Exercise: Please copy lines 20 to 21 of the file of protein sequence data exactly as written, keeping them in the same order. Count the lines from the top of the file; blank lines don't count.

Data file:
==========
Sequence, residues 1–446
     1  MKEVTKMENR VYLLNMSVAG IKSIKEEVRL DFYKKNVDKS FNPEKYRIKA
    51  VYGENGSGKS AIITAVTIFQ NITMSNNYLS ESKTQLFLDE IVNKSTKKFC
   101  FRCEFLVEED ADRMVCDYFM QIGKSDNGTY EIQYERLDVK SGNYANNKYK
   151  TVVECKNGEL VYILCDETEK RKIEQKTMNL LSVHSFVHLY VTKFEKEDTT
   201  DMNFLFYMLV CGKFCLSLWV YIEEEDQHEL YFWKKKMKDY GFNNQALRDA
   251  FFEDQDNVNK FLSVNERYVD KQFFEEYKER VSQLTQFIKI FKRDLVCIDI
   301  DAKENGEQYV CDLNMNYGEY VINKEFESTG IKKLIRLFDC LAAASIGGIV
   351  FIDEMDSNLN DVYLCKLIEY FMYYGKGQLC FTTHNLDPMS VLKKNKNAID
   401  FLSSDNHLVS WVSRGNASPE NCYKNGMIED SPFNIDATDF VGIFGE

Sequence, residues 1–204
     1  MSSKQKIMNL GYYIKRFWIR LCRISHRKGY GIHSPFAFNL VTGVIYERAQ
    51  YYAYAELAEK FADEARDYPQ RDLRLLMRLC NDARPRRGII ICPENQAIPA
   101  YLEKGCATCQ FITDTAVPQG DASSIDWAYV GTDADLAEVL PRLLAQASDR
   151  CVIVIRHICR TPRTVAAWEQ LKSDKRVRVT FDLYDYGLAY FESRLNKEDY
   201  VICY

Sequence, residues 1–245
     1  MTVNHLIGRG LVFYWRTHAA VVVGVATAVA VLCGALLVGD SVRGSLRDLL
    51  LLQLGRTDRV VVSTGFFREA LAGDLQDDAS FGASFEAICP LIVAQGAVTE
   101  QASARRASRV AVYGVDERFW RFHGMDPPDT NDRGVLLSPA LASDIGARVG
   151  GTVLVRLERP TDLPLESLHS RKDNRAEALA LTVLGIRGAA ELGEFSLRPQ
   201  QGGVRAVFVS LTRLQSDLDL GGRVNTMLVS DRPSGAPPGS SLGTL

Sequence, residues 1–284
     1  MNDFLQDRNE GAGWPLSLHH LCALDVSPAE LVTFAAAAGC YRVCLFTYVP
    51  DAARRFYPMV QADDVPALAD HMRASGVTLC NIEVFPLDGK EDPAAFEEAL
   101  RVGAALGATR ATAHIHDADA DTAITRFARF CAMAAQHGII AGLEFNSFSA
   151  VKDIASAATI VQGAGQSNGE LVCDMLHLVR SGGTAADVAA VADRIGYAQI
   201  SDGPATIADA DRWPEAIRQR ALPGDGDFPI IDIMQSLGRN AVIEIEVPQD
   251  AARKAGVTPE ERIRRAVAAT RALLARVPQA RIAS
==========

   101  QASARRASRV AVYGVDERFW RFHGMDPPDT NDRGVLLSPA LASDIGARVG
   151  GTVLVRLERP TDLPLESLHS RKDNRAEALA LTVLGIRGAA ELGEFSLRPQ